The art of hang gliding

Although the poplular view is that hang gliding was invented in the early 70’s it was in fact invented by John Dickenson of Australia in 1963. However, on 23rd May 1971, the Otto Lilienthal Anniversary Hang Glider meet was held in Southern California. The event attracted enthusiasts from all over the area, about 50 pilots, and really caught the public‘s imagination. It is regarded by many as the starting point of hang gliding as we know it today and as shown here by DeltaGerard.

As an extreme sport, hang gliding has been affected by adverse publicity as, since its inception, it has been considered an unsafe sport. The inherent danger of gliding at the mercy of thermal and wind currents has resulted in numerous fatal accidents and serious injuries over the years – even to experienced pilots.

However, this is misleading in these more modern times. The accident rate from hang glider flying has been dramatically decreased by pilot training. Early hang glider pilots learned their sport through trial and error whereas nowadays, training programs have been developed for today’s pilot, with emphasis on flight within safe limits, as well as the discipline to cease flying when weather conditions are unfavourable, such as excess wind or risk cloud suck.

Which brings me to the essence of this article. How do you learn how to read the winds and thermals?

A glider is continuously descending through nearby air, yet glider pilots can stay airborne for hours by flying in areas of rising air. Once this skill has been mastered, pilots can glide long distances to fly cross country.

There are 4 main types of wind that a hang glider pilot will be looking for: thermals, ridge lift, mountain waves and convergence. Understanding the  presence of wind, the  lift and sink over various types of terrain, is of paramount importance for all pupils.

Wind direction,  wind velocity, terrain shape and obstructions are all obstacles that need to be taken into consideration when making a flight plan.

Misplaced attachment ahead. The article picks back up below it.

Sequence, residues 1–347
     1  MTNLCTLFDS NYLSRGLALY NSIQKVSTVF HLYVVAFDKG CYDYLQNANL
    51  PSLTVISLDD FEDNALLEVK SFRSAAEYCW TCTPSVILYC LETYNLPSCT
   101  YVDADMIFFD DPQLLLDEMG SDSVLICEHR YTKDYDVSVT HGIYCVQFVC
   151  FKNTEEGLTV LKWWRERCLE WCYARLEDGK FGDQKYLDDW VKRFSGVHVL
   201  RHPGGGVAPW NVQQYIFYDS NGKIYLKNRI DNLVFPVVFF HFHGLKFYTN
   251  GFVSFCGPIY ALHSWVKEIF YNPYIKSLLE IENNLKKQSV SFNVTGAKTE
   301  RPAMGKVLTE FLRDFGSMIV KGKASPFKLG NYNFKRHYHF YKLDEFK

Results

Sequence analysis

The most commonly used source of lift are the Thermals. Pilots quickly become aware of land features which can generate thermals and become familiar with visual indications of thermals such as soaring birds, cumulus clouds, cloud streets, dust devils, and haze domes.  Well formed cumulus clouds, with darker bases, suggest active thermals and light winds and in the case of a cloud street pilots learn that they can use a cloud street to fly long straight-line distances by remaining in the row of rising air.

Ridge lift occurs when the wind meets an obstruction such as a mountain, cliff or hill. The air is deflected up the windward face of the mountain, causing lift which gliders can use to gain height by flying along the feature.

The third main type of lift is mountain waves where the pilot uses the lee waves that occur near mountains. The obstruction to the airflow can generate standing waves with alternating areas of lift and sink.

Convergence is, of course, a form of lift which results from the convergence of air masses, such as a sea-breeze front.

It is also important to understand how different wind conditions at the site will affect each and every flight and for this reason it is necessary to lern how to read the windspeed in the air and on the ground. These differing conditions will affect the flight.

Understanding the effects of a crosswind on the ground track will ensure that a pilot will be able to ‘crab’ his glider towards his goal. He must also understand the implications of turning out of the wind and the  relationship between increased bank angle and increased sink rate of the glider.

There’s a lot to learn, but nearly every glider nowadays contains an instrument known as a variometer (a very sensitive vertical speed indicator). That comes back to what we were saying at the beginning of this article – modern technology has made the sport of hang gliding far more safe than it used to be…

A variometer indicates climb rate or sink rate with audio signals (beeps) and/or a visual display. These units are generally electronic, vary in sophistication, and often include an altimeter and an airspeed indicator. The main purpose of a variometer is in helping a pilot find and stay in the ‘core’ of a thermal to maximize height gain, and conversely indicating when he or she is in sinking air and needs to find rising air. Some electronic variometers make the calculations automatically, after allowing for factors such as the glider’s theoretical performance (glide ratio), altitude, hook in weight and wind direction.


As with all things, it is not enough to reply on an instrument. It is absolutely imperative that you, as the pilot, can ‘read’ the wind incase your variometer is faulty. All equipment must always be checked. Wear and tear happens to the best stuff – it’s not worth taking chances…

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